The next night, again for some reason costumed and made up as a religious, I was hanging around backstage in Act I of Tosca as an enraged George London, the Scarpia, stormed back and forth, followed by an underling who held up a small lapdog, which I recall as a Pomeranian. From time to time, London would pause and pet the thing, whether for his comfort or its, then return to cursing whatever chorus member had stolen his gold-headed baton. Black-headed batons for males in the chorus, gold-headed for…well, that’s clear enough.

At the end of Act I, attired in a gold brocade chasuble (as I said, Big Leagues), I was leading the faithful during the Te Deum, carrying a tall flapping banner. By some instinct from acting and directing in college, not by design (I was innocent!), I picked up a hot spot on my face, which of course caused me to tear up, obviously moved by religious passion. As Scarpia snarled about his vile designs upon Tosca (Birgit Nilson, that night), the audience watched me in amazement. So did the technician, who followed me with his light across the entire downstage area. As I passed London, still growling “L’altra fra le mie braccia,” he almost broke up with laughter. I had unwittingly stolen his follow spot.

Since then, through hundreds of opera performances, I have remained safely in the audience. But what I saw and heard then—the monstrous challenge of singing and acting and remembering and being prepared for the worst—gave me to understand, I believed, that these creatures were Olympian in every sense of the word. As for the composers and librettists…well, at last, here we are.

And so to the bar at Angus McIndoe’s on 44th Street, and to the stool farthest from the door, next to the newspaper rack. (The ingrates still refuse to affix a plaque to the wall commemorating my hours of composition.) Two or three times a week, I would take MetroNorth from northern Westchester County to Grand Central, pad over to the restaurant and order a dry vodka martini. For an hour, alone with my imagined 19th century Paris, I’d sip slowly and work out a scene or two.

It didn’t matter which of the three acts I chose. Sorrel might want to try out the music for the giraffe keeper’s teenage daughter in Act III. No prob! As the months went by, all of the pieces of the puzzle, scattered about chronologically, fell neatly into place. Don’t ask me how. To Zelig myself with a genius, it was something like Michelangelo’s notion that he “found” his sculptures inside the particular stone before him.

But there was one aspect that did not come in the first heat of inspiration, as I hinted earlier: the character I call the Irish Mountebank. While I was writing the libretto (Art!), I was also involved in a business partnership with an Irish-American grifter who eventually bilked me out of $75,000 (Life!). So did his scam inspire me to create a character who will be iconic for the ages? (We’ll see, but I’d probably rather have the investment back.)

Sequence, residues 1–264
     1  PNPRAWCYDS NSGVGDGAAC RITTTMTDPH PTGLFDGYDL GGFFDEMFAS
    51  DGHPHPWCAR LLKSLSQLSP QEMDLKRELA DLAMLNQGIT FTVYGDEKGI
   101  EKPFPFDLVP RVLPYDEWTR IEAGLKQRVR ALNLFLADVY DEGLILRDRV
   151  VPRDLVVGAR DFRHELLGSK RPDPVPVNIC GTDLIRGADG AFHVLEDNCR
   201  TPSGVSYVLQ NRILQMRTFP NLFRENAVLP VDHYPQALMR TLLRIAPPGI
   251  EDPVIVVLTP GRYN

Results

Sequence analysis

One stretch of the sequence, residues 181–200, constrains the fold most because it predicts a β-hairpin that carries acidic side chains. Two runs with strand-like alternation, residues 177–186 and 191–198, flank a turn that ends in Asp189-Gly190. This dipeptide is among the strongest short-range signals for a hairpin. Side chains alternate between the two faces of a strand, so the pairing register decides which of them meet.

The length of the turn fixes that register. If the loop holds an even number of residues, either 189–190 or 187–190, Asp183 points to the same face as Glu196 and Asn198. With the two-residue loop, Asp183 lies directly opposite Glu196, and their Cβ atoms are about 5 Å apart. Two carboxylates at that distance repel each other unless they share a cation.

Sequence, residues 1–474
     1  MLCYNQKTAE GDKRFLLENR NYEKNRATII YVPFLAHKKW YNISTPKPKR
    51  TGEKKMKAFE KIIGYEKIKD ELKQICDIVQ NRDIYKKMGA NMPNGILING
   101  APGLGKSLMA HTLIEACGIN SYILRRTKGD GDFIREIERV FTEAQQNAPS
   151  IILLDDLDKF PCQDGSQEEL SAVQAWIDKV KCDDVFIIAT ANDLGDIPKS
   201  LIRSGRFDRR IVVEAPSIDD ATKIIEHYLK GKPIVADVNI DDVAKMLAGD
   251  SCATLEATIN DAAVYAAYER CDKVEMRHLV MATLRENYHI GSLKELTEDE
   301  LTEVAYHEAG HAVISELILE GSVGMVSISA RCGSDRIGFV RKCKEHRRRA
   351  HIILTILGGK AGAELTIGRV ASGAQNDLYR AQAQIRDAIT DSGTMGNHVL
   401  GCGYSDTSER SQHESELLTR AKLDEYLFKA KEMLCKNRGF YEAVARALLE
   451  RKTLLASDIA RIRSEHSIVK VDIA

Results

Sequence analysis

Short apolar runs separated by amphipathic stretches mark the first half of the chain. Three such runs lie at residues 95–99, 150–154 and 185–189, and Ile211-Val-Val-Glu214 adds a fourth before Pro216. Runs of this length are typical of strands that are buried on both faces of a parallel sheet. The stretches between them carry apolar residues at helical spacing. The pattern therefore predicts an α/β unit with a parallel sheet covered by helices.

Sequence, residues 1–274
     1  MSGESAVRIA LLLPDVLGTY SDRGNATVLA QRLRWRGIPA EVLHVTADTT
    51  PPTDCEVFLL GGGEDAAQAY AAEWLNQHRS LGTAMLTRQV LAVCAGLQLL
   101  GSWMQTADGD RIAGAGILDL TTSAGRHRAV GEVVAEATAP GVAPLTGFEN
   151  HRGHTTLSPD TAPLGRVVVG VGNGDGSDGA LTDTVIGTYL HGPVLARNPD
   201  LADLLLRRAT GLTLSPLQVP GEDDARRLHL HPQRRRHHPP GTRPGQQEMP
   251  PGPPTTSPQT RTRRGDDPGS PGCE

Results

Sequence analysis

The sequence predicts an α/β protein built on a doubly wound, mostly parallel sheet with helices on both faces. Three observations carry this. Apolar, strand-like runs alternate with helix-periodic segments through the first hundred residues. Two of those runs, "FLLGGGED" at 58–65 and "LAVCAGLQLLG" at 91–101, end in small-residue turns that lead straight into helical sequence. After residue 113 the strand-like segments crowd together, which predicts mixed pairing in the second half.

No, the libretto did not precisely “write itself.” But it was THERE. Presumably, the most bored powers and principalities of my subconscious had been entertaining themselves with Zarafa for years.

Also, from my POV, the opera world seemed to be lying in wait for the pretty beast. In my worlds of publishing and film, it’s not all that easy for an unknown to get work read. According to one poll, four out of five Americans believe that they can write a book and many, unfortunately, act upon that conviction, so the slush piles of publishing houses do teem. If you’ve ever taken a cab, picked up your dry cleaning, or in fact performed any standard life function in Los Angeles, you know that everyone has a script in hand. But I discovered that virtually anyone in opera will take a look at Our Giraffe. I first learned from Samuel Ramey, the kindest of human beings, that the greatest stars are eager to encourage new work, and do, so Sorrel and I have essayed many avenues. I’ve just been working the phones and plumbing the address book, schmoozing at O’Neal’s across from Lincoln Center and in other ways making sure the word gets out. It will be given a partial performance at the New York City Opera’s VOX festival this year, a huge lurch forward for our gentle ungulate. It’s been less than two years since Heppner materialized before me with his dead swan.

The title of our opera? Richard again, darn it. Back in the 1970s Francis Ford Coppola’s Zoetrope brought over a strange but totally original and compelling seven-hour-long movie filmed entirely in a basement. Those who have seen Hans-Jurgen Syberberg’s Our Hitler, a brilliant descant on German fascism, cannot have forgotten the experience, or the soundtrack. Our Hitler, indeed. Our Wagner. Our Giraffe.

(Oh, yes, since you ask, I am indeed at work on a new libretto.)


Charles Flowers is the librettist for the new three-act opera, Our Giraffe, with music by Sorrel Hays. The work is one of ten chosen from 80 submissions by the New York City Opera’s VOX program. A public reading of selected scenes will be given at 2 p.m. on May 10 at New York University’s Skirball Center. A synopsis and seven musical excerpts are available here.